Eros, Ludus and Storge are the three primary types of loves whereas Mania, Pragma and Agape are the three secondary types of loves after the combination between the rimary styles in various ways. Firstly, Eros (Red) lovers are passionate and constantly searching for passionate lovers too. They view their mate in aesthetic way and this usually involves sensual and sexual enjoyment. Eros is regarded as the stereotype of romantic or passionate love. Secondly, Ludus (Blue) lovers are deemed to be flirty and playful as they view their love as a gameplay.
They do not concern much about the commitment towards the relationship because love for them is simple and fun. It is often that their love is full of varieties. Thirdly, Storge (Yellow) lovers are affectionate overs that slowly evolves from friendship due to similarity in taste, preferences and beliefs. For them, friendship and intimacy are more significant than sex and passion. Next, Mania (Violet) is the combination of “Eros and Judus”. This type of love is of high volatility, which means that it goes between the extremes of highs and lows, thus making the relationship full of uncertainties.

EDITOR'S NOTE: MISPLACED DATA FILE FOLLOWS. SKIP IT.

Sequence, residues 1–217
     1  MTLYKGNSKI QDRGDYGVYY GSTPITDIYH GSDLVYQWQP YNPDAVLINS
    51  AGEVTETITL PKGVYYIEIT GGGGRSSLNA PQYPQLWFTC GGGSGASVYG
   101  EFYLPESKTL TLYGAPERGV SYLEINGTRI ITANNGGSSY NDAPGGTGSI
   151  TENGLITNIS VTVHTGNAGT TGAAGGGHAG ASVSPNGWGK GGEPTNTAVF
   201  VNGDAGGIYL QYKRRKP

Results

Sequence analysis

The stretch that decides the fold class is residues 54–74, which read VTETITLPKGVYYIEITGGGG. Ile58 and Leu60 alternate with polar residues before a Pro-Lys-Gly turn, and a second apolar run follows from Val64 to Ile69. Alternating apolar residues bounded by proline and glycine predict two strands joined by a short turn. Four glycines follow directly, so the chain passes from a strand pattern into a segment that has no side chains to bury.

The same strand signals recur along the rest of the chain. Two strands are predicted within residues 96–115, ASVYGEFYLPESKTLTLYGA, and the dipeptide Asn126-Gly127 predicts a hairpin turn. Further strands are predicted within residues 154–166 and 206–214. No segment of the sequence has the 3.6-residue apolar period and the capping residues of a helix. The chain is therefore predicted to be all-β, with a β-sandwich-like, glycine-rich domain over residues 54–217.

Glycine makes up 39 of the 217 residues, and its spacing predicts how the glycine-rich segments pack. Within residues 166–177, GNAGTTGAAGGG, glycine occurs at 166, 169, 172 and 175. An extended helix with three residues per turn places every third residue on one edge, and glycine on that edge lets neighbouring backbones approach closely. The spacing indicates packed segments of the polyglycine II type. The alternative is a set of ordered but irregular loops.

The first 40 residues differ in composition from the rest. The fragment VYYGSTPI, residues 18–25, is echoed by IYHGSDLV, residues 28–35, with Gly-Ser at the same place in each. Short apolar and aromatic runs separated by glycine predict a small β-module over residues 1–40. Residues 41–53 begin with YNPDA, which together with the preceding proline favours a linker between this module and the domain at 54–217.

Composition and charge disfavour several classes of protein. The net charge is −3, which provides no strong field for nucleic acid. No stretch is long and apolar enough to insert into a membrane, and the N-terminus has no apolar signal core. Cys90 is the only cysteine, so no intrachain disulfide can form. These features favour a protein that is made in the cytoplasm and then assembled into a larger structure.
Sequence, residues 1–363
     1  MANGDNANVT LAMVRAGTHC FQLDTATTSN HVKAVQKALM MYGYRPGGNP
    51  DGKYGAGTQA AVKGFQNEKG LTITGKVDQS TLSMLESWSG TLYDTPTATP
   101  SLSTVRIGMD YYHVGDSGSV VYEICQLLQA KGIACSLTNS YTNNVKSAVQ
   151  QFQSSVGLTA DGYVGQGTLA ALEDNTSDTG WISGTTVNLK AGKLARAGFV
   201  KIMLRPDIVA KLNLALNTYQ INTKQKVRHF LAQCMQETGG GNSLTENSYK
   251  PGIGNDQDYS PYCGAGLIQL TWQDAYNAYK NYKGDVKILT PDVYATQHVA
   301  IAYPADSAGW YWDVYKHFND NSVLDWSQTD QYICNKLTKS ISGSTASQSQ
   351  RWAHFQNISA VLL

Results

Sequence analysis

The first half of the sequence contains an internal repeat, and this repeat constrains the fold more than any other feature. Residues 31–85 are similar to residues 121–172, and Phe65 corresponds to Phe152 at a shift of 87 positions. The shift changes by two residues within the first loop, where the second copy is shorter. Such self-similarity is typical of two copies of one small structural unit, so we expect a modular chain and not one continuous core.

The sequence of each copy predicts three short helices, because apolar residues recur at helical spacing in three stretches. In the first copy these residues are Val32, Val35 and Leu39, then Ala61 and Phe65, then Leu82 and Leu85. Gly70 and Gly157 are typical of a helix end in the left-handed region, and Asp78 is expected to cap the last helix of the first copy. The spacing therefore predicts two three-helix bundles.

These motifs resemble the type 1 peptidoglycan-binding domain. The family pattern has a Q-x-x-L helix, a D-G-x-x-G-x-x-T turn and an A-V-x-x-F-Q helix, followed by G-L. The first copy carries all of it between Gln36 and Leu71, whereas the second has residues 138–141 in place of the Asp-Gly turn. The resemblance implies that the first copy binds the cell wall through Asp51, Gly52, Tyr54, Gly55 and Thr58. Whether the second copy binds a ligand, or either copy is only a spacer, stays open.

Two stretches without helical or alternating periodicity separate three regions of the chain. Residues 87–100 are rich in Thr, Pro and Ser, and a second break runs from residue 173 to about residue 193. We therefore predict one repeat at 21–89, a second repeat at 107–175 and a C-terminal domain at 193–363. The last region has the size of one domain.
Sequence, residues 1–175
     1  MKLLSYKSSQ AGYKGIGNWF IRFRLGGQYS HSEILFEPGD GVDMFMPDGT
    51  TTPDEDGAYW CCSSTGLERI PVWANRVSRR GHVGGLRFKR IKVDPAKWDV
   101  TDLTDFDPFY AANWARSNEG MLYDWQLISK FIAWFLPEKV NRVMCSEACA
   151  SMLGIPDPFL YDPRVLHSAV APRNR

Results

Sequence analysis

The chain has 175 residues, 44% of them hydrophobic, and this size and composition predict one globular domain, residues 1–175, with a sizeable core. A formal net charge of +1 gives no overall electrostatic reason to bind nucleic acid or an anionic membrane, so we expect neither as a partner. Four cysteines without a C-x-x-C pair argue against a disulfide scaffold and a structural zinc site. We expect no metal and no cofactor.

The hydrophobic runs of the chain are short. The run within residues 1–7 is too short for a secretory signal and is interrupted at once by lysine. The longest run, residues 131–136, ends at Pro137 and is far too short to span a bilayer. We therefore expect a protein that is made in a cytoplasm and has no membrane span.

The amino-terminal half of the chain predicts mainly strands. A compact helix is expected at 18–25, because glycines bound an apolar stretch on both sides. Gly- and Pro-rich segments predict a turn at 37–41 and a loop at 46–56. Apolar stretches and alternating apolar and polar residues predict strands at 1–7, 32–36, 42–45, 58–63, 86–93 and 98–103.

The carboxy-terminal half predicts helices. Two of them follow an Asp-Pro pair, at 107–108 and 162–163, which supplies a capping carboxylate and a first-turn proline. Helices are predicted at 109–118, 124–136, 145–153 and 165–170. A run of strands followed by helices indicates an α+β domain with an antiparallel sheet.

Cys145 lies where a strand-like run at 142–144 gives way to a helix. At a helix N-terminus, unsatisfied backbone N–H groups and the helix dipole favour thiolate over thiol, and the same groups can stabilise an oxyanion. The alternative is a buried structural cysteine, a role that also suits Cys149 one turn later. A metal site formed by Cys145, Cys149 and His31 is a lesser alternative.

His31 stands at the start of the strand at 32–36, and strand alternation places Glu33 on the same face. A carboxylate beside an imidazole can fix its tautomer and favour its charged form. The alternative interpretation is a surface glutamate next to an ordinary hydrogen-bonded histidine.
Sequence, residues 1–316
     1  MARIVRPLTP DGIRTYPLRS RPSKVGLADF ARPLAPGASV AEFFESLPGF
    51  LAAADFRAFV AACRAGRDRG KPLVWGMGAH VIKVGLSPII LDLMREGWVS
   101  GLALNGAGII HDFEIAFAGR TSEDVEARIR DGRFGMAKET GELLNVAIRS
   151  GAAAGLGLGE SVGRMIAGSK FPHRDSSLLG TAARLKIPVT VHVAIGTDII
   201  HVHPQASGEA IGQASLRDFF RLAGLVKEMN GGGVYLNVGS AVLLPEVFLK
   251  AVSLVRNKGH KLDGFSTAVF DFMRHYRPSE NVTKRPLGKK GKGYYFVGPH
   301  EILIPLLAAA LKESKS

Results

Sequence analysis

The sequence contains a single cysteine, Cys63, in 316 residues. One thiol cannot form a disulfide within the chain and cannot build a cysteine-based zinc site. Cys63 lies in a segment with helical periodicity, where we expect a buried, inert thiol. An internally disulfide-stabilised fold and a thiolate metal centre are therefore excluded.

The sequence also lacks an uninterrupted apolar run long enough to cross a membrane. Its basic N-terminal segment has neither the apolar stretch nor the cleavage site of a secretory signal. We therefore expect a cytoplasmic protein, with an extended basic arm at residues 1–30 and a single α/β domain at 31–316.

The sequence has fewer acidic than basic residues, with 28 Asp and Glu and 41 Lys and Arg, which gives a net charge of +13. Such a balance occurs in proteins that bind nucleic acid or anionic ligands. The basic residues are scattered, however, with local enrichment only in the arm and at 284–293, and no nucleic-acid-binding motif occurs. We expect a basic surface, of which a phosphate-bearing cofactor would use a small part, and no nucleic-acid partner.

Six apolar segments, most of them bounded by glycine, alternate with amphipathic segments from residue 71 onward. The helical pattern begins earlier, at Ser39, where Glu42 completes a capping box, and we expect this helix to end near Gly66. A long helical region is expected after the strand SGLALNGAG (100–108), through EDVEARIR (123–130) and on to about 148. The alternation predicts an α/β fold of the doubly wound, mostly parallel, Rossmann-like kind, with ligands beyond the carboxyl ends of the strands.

Manic lovers get Jealous and obsessed easily and they would like to have a controlling power over their partners and the ending of their relationships are usually so devastating that they will end up ourning their lost love for a long time. In the other hand, Pragma (Greem) is the on logicality and practicality driven by the brains. Normally, cost-and-benefit analysis is done before the relationship is carried out and certain social requirements are needed in order to sustain this type of relationship. Lastly, Agape (Orange) is the combination of “Eros and Storge”.